FACT provides two types of interfaces: a data interface and a command interface. Both interfaces are designed with an application programming interface (API) in the form of representational state transfer (REST). The data interface allows users to obtain data directly from the database within the ground command center, and the results, such as the device status, airborne observation data files, and operating status (airplane flight trajectory and seeding status), are returned to the front-end application. The command interface is mainly used by users at the ground command center to directly send command text messages and plan files to an aircraft to immediately command this aircraft.
4 Experiment and Applications
4.1 Application Coverage
Based on FACT, the Weather Modification Center of the China Meteorological Administration has designed and implemented a real-time air-ground communication command application for weather-modification aircraft operations, which is called NACS, the National Air-ground Communication System. NACS provides a new set of tools, including satellite communication transmission, data storage and service, and client applications, to ensure flight safety and improve target selection for aircraft seeding. Fig. 4 shows the functional structure of NACS.
NACS was first deployed in the weather modification departments of various provinces to form multiple ground command centers and in the national weather modification center (WMC) as part of the National Command Center in 2016. NACS currently supports three national-level high-performance aircraft and more than 40 provincial-level aircraft to participate in various major service assurance processes, such as drought relief, rain enhancement, and forest/grassland fire suppression. At present, the number of aircraft being monitored, commanded and data shared within NACS has reached approximately 90% of the total number of Chinese weather-modification aircraft (see Tab. 4).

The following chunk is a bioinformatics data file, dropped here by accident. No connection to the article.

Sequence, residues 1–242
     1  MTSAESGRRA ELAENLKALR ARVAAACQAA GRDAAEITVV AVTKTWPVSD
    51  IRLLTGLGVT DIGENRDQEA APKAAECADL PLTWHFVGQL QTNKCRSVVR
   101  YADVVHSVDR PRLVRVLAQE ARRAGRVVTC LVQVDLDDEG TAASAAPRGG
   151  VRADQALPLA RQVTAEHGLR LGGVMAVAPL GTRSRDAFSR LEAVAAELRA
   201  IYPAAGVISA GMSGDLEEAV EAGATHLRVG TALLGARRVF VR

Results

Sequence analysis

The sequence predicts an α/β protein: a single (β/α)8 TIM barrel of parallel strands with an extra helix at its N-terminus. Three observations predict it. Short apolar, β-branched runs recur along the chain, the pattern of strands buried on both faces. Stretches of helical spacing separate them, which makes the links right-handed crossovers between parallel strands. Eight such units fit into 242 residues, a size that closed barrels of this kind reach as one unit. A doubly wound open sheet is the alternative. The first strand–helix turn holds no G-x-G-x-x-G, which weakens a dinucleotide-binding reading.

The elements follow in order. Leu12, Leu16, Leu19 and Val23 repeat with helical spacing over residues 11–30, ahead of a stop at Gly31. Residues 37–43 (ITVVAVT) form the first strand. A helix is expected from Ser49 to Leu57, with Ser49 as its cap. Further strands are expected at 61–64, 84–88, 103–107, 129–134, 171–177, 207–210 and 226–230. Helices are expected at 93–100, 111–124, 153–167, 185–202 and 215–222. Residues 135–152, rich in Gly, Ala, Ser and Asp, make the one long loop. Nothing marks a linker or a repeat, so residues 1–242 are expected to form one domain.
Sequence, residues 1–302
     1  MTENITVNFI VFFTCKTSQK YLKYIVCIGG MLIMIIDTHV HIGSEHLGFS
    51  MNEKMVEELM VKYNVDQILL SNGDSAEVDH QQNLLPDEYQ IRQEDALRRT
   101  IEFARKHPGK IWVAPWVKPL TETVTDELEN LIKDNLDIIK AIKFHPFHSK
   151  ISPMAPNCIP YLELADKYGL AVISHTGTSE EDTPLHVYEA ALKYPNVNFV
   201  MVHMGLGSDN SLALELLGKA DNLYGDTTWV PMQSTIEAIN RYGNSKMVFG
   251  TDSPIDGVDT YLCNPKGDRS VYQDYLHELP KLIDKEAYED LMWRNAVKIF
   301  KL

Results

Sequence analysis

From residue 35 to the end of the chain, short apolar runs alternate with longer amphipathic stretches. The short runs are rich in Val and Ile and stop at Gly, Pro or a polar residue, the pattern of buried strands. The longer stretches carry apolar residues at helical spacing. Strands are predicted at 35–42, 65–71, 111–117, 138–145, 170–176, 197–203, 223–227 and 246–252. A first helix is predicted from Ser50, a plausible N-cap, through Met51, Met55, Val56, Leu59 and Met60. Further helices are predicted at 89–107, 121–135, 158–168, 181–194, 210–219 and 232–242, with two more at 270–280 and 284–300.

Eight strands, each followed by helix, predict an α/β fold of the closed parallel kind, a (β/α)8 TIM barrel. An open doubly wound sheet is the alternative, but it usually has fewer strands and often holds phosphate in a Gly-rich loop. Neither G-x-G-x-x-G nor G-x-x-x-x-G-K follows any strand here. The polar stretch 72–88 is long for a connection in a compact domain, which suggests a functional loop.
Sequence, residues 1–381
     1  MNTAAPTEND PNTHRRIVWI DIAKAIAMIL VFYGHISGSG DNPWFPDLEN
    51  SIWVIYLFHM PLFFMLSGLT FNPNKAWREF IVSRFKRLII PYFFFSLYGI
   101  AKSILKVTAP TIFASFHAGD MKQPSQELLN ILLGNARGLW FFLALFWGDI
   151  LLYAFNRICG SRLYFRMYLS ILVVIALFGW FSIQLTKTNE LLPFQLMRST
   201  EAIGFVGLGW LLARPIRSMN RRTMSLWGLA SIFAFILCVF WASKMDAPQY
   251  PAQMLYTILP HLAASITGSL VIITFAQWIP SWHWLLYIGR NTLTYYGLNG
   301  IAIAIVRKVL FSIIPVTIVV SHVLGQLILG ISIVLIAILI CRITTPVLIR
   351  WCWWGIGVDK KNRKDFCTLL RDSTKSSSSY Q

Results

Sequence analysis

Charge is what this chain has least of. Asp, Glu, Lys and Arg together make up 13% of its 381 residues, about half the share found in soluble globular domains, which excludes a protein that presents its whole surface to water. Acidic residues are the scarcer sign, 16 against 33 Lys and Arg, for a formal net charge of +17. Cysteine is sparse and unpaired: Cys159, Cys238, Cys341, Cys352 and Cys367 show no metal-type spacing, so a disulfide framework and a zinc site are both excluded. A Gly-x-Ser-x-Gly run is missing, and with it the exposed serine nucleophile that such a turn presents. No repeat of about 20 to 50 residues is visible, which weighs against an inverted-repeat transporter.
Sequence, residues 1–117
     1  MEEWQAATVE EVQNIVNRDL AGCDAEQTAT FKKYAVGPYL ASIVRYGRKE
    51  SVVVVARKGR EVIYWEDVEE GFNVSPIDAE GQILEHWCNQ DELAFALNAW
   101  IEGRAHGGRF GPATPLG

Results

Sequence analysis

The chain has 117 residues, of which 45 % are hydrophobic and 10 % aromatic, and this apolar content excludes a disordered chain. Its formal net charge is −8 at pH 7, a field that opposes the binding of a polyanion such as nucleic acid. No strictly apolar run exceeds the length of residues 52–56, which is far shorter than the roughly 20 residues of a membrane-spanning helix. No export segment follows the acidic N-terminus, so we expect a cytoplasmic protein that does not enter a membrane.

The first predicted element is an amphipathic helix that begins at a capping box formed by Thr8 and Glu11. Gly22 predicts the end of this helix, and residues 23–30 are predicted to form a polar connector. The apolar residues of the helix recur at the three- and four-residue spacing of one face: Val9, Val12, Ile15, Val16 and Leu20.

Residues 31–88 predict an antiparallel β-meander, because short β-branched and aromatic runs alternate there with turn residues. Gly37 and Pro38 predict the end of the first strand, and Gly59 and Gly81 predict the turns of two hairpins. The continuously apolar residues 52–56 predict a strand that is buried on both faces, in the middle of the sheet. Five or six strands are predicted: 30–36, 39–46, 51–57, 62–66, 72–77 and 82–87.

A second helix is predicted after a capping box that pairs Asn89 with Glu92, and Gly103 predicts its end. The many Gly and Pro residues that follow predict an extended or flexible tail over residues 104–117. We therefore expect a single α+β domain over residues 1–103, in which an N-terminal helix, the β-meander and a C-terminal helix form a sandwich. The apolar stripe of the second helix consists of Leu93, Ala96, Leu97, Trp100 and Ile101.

4.2 Experiment and Case Analysis
Fig. 5 shows the user interface of the air-ground communication command system during the weather-modification experiment with two airplanes in Ningxia Province, China, in September 2018, i.e., the main interface on the ground center and the display interface for airborne observation data. NACS has a graphical drawing interface on the ground, which is similar to DMT's PADS software on the airplane, to synchronously display the spectrum distribution of particles detected in the cloud by the aircraft.